Keywords:  Assembly; Blue Native Gel; Brain; Muscle; Respiratory complex
  10. Mol Cell. 2022 Jun 16. pii: S1097-2765(22)00540-8. [Epub ahead of print]
      Protein import into mitochondria is a highly regulated process, yet how cells clear mitochondria undergoing dysfunctional protein import remains poorly characterized. Here we showed that mitochondrial protein import stress (MPIS) triggers localized LC3 lipidation. This arm of the mitophagy pathway occurs through the Nod-like receptor (NLR) protein NLRX1 while, surprisingly, without the engagement of the canonical mitophagy protein PINK1. Mitochondrial depolarization, which itself induces MPIS, also required NLRX1 for LC3 lipidation. While normally targeted to the mitochondrial matrix, cytosol-retained NLRX1 recruited RRBP1, a ribosome-binding transmembrane protein of the endoplasmic reticulum, which relocated to the mitochondrial vicinity during MPIS, and the NLRX1/RRBP1 complex in turn controlled the recruitment and lipidation of LC3. Furthermore, NLRX1 controlled skeletal muscle mitophagy in vivo and regulated endurance capacity during exercise. Thus, localization and lipidation of LC3 at the site of mitophagosome formation is a regulated step of mitophagy controlled by NLRX1/RRBP1 in response to MPIS.
    Keywords:  NLRX1; Nod-like receptors; mitochondria; mitochondrial protein import; mitophagy
  11. J Biol Chem. 2022 Jun 24. pii: S0021-9258(22)00638-X. [Epub ahead of print] 102196
      In human cells, ATP is generated using oxidative phosphorylation machinery, which is inoperable without proteins encoded by mitochondrial DNA (mtDNA). The DNA polymerase gamma (Polγ) repairs and replicates the multicopy mtDNA genome in concert with additional factors. The Polγ catalytic subunit is encoded by the POLG gene, and mutations in this gene cause mtDNA genome instability and disease. Barriers to studying the molecular effects of disease mutations include scarcity of patient samples and a lack of available mutant models; therefore, we developed a human SJCRH30 myoblast cell line model with the most common autosomal dominant POLG mutation, c.2864A>G/p.Y955C, as individuals with this mutation can present with progressive skeletal muscle weakness. Using on-target sequencing, we detected a 50% conversion frequency of the mutation, confirming heterozygous Y955C substitution. We found mutated cells grew slowly in a glucose-containing medium and had reduced mitochondrial bioenergetics compared to the parental cell line. Furthermore, growing Y955C cells in a galactose-containing medium to obligate mitochondrial function enhanced these bioenergetic deficits. Also, we show complex I NDUFB8 and ND3 protein levels were decreased in the mutant cell line, and the maintenance of mtDNA was severely impaired (i.e., lower copy number, fewer nucleoids, and an accumulation of Y955C-specific replication intermediates). Finally, we show the mutant cells have increased sensitivity to the mitochondrial toxicant 2'-3'-dideoxycytidine. We expect this POLG Y955C cell line to be a robust system to identify new mitochondrial toxicants and therapeutics to treat mitochondrial dysfunction.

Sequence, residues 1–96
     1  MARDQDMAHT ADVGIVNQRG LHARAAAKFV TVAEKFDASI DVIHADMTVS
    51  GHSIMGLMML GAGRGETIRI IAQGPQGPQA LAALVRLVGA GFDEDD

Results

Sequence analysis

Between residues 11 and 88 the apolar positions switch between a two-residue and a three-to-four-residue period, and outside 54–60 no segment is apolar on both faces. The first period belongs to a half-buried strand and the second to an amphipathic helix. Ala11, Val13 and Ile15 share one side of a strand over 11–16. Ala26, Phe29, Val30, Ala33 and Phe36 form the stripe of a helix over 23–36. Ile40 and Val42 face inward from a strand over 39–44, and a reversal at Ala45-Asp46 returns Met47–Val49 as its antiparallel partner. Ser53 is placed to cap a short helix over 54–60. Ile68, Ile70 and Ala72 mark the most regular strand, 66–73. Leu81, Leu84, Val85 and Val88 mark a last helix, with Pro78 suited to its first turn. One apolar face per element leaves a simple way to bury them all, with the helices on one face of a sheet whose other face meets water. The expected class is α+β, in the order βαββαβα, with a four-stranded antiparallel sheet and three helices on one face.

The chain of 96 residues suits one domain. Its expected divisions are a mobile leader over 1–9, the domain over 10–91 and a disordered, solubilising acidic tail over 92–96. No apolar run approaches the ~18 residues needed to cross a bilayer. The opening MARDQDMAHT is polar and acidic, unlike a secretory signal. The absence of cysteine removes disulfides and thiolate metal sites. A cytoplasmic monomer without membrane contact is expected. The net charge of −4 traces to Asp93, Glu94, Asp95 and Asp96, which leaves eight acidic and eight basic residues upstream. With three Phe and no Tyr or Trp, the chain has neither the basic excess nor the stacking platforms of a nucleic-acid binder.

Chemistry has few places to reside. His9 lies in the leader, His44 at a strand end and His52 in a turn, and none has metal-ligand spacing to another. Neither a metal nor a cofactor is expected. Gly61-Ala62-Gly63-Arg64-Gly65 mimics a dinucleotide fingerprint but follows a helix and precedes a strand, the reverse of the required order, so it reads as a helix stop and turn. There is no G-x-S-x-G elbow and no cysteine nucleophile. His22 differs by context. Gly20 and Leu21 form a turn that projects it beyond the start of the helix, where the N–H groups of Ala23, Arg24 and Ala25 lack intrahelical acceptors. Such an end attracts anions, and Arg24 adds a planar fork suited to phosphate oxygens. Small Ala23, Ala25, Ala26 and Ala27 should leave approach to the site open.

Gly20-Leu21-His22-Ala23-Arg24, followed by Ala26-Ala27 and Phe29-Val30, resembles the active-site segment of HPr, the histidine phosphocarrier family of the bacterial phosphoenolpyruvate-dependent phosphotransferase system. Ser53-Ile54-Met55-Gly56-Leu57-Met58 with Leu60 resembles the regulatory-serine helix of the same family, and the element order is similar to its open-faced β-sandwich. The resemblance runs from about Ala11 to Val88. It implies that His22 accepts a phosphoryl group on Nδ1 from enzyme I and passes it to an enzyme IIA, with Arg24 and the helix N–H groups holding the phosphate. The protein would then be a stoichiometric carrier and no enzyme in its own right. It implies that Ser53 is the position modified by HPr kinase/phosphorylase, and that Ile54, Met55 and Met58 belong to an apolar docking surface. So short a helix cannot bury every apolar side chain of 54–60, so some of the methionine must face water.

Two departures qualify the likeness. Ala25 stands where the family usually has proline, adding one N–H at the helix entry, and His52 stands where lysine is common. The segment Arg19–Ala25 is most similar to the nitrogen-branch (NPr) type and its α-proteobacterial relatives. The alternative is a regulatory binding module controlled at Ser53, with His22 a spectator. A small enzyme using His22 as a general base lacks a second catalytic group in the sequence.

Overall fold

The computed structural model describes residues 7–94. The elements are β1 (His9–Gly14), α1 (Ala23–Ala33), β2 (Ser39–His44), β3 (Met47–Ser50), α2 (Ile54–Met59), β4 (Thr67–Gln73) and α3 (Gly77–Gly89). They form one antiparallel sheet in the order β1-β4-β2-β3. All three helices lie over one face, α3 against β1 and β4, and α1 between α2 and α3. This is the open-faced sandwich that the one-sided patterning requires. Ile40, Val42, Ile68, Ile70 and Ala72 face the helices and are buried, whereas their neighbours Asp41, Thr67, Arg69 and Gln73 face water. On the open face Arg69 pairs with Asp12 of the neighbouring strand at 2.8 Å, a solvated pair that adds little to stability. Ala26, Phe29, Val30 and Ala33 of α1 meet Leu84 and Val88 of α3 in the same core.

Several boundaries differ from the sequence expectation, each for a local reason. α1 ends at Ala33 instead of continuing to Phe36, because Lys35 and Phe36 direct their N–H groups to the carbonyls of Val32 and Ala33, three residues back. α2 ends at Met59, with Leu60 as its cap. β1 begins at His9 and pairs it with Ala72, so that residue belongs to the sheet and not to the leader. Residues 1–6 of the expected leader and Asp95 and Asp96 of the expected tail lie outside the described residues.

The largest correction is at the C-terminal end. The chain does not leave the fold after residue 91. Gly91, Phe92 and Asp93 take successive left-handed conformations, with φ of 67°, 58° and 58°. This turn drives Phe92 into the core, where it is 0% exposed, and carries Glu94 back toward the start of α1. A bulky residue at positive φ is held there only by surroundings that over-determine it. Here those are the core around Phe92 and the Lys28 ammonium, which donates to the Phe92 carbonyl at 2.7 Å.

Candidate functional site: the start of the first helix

Keywords:  2′-3′-dideoxycytidine (ddC, zalcitabine); Mitochondrial DNA (mtDNA) maintenance; POLG c.2864A>G/p.Y955C; SJCRH30; autosomal dominant progressive external ophthalmoplegia (adPEO); cell line model of mitochondrial disease; mitochondrial toxicity
  12. Neurobiol Dis. 2022 Jun 25. pii: S0969-9961(22)00195-4. [Epub ahead of print] 105803
      INTRODUCTION: Mitochondrial defects have been implicated in Parkinson's disease (PD) since complex I poisons were found to cause accelerated parkinsonism in young people in the early 1980s. More evidence of mitochondrial involvement arose when many of the genes whose mutations caused inherited PD were discovered to be subcellularly localized to mitochondria or have mitochondrial functions. However, the details of how mitochondrial dysfunction might impact or cause PD remain unclear. The aim of our study was to better understand mitochondrial dysfunction in PD by evaluating mitochondrial respiratory complex mutations in a Drosophila melanogaster (fruit fly) model of PD.METHODS: We have conducted a targeted heterozygous enhancer/suppressor screen using Drosophila mutations within mitochondrial electron transport chain (ETC) genes against a null PD mutation in parkin. The interactions were assessed by climbing assays at 2-5 days as an indicator of motor function. A strong enhancer mutation in COX5A was examined further for L-dopa rescue, oxygen consumption, mitochondrial content, and reactive oxygen species. A later timepoint of 16-20 days was also investigated for both COX5A and a suppressor mutation in cyclope. Generalized Linear Models and similar statistical tests were used to verify significance of the findings.